Friday, 2:45am
23 November 2018

Books received #34

Thinking in Pictures, Typewriters, Pittori Di Cinema, The Golden Thread Project UK-USA and AGI Members 2007-2017

Here is a selection of books that caught our attention in recent months.

Thinking in Pictures. An Experiment on Our Perception of Images (Applaus Verlag, CHF42) is a playful investigation into the language associated with imagery. Editors Pierre Thomé and Lynn Kost ask the question: ‘How do scientists read drawings and how are their interpretations different from those of cultural players?’ A variety of scientists share their reactions to artists’ subjective works, from a surgeon sensing vulnerability in illustrated characters, to a sociologist’s search for the meaning of lines. In both English and German, the book provides detailed insights into the process of visual reception.

Cover of Thinking in Pictures, edited by Pierre Thomé and Lynn Kost.
Top: Detail of shredded fore-edge of AGI New Members 2007-2017 (€79) designed by Jianping He.

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Spread from Thinking in Pictures, showing a narragam by Noyau.

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Spread from Thinking in Pictures, showing illustrations by Yves Netzhammer of which Johannes Binotto reflects on to talk about blind spots and subjective interpretations. 

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Antony Casillo’s Typewriters (Chronicle Books, £30) documents the history and evolution of the typewriter. Eighty writing machines are strikingly shot, accompanied by Casillo’s informative text on their individual history, invention and intricate design details. An in-depth glossary of typewriter terms is included at the back of the book. There is also a witty foreword with ‘eleven reasons to use a typewriter’ by actor and typewriter enthusiast, Tom Hanks.

Cover of Typewriters.

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Spread from Typewriters, 
documenting the Duplex typewriter from 1892.

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Bursting with vibrant illustrations, The Golden Thread Project UK-USA (Bugboar Press, £20) is a celebration of well travelled folksong. The project, instigated by illustrators Aidan Saunders and Geoff Coupland, revisits the music collected by Cecil Sharp and Maud Karpeles, who took their songs to the US in the late 1910s. These folksongs have subsequently become part of American music. Saunders and Coupland asked artists to interpret these different songs through drawing. The book forms a collection of these individual responses, each unique in narrative, mood and graphic style.

Cover of The Golden Thread Project UK-USA.

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Spread from The Golden Thread Project UK-USA, highlighting illustrations by Daryl Rainbow in response to the song ‘Gallows Pole’.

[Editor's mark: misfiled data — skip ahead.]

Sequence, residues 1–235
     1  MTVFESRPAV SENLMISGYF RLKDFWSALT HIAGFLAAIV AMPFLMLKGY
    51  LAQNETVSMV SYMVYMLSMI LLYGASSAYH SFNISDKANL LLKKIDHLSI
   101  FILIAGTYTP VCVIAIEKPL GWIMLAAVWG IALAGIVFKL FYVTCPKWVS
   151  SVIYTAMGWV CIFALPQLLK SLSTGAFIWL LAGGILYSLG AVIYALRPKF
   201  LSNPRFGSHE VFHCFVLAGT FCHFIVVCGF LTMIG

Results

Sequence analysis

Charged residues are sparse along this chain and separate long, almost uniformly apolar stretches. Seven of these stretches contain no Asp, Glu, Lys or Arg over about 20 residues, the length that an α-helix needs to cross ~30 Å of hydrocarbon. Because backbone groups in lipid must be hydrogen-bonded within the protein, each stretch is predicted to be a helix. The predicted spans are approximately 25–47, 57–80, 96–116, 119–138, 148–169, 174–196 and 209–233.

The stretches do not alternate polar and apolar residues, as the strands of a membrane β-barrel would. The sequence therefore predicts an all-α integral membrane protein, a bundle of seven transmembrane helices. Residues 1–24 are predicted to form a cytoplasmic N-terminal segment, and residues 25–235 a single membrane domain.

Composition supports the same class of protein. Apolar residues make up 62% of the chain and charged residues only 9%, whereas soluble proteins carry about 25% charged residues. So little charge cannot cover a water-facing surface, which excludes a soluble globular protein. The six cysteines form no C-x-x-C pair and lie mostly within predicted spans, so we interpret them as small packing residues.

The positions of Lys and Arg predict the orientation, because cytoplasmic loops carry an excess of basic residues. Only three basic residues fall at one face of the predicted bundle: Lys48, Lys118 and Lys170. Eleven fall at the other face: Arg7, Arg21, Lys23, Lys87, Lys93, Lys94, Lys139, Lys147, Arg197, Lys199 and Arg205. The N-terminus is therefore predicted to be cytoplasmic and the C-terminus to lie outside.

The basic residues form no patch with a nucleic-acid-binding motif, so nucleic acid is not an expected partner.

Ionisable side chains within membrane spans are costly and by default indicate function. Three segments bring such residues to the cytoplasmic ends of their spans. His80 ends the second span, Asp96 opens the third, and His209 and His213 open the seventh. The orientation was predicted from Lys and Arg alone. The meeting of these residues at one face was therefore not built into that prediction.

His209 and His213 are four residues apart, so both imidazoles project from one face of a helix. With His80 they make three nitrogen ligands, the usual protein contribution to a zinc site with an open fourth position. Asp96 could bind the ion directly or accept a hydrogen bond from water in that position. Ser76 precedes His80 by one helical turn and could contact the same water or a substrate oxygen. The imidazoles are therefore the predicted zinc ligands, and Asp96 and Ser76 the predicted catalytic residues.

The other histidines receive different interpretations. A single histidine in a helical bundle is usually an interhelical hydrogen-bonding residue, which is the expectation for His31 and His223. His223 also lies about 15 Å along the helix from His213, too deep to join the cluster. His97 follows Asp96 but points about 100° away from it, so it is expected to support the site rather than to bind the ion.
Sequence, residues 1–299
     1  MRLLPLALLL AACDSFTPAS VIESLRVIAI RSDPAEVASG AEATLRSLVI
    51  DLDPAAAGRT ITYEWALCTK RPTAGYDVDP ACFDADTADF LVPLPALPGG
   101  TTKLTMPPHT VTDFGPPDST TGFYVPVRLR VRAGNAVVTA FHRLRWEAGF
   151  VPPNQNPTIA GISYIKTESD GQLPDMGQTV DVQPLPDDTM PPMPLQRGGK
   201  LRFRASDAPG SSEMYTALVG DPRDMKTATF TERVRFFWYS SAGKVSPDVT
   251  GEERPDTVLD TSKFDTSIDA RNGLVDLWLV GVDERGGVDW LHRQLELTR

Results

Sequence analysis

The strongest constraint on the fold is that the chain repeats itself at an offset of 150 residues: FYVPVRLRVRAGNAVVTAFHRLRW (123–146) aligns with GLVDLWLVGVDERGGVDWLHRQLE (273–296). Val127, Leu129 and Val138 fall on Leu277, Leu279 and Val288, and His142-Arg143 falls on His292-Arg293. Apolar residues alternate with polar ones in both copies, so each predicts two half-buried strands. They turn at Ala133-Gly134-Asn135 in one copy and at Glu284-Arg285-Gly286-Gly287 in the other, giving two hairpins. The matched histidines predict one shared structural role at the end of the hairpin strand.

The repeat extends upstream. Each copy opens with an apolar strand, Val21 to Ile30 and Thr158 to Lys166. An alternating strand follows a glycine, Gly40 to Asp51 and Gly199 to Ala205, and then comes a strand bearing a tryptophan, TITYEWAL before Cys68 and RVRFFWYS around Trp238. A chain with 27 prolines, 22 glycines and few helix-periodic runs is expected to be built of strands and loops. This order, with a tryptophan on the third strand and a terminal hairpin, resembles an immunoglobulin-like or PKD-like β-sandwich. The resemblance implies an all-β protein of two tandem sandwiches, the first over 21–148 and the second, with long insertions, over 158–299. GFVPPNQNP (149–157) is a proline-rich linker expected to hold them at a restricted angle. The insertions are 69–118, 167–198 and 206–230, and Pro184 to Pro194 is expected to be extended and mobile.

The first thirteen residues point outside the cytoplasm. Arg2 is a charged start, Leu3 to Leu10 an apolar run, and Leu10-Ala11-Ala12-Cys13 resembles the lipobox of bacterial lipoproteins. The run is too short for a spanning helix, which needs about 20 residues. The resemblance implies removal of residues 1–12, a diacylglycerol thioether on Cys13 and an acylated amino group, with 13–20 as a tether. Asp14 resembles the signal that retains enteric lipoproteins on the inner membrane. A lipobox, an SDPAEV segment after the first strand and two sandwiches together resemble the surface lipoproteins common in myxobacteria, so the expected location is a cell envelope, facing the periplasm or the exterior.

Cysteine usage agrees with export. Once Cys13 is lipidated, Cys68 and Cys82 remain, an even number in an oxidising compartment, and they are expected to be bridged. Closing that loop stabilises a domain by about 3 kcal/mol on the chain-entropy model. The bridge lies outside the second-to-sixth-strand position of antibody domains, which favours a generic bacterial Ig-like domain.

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Pittori Di Cinema (Lazydog, £89) is a dense, hardback collection of artworks created as advertisements for the Italian film industry. The weighty book, designed by Bunker, features more than 500 works from 29 Italian painters, selected by author Maurizio Baroni. From expressive sketches through to refined graphic posters, the images cover the past 50 years of Italian cinema.

Pittori Di Cinema cover, featuring detail of Sandro Symeoni’s poster for the giallo film L’Occhio Nel Labirito (1972).

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Chapter opener featuring poster image for Billy Jack (1971) by Piero Ermanno Iaia.

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Spread showing posters by Renato Ferrini, 1974 and 1973.

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AGI New Members 2007-2017 (€79) is an eccentric publication designed and produced by Hesign. Predating Banksy’s artful use of partial shredding (in a crowded auction house), designer Jianping He decided to shred the top six centimetres of each page, resulting in a mysterious volume that doesn’t sit easily on a bookshelf with other design books, and defies conventional reading. Its 694 pages detail the works and lives of the 232 new members who have joined AGI (Alliance Graphique International) over that eleven-year period.

The designer writes: ‘The top part of the book will become fluffy, messy and curly … I put each designer’s headshot and biography in this area … each of their pasts will experience one more adventure.’

AGI New Members 2007-2017 in its slipcase.

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Detail of shredded pages.

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AGI member Jianping He says of his book: ‘Even if it looks like a cleaning roller, or a strip mop, it must be an adventurous experiment.’

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Emily Parkes, graphic designer, Eye editorial assistant, London

Eye is the world’s most beautiful and collectable graphic design journal, published quarterly for professional designers, students and anyone interested in critical, informed writing about graphic design and visual culture. It is available from all good design bookshops and online at the Eye shop, where you can buy subscriptions and single issues.

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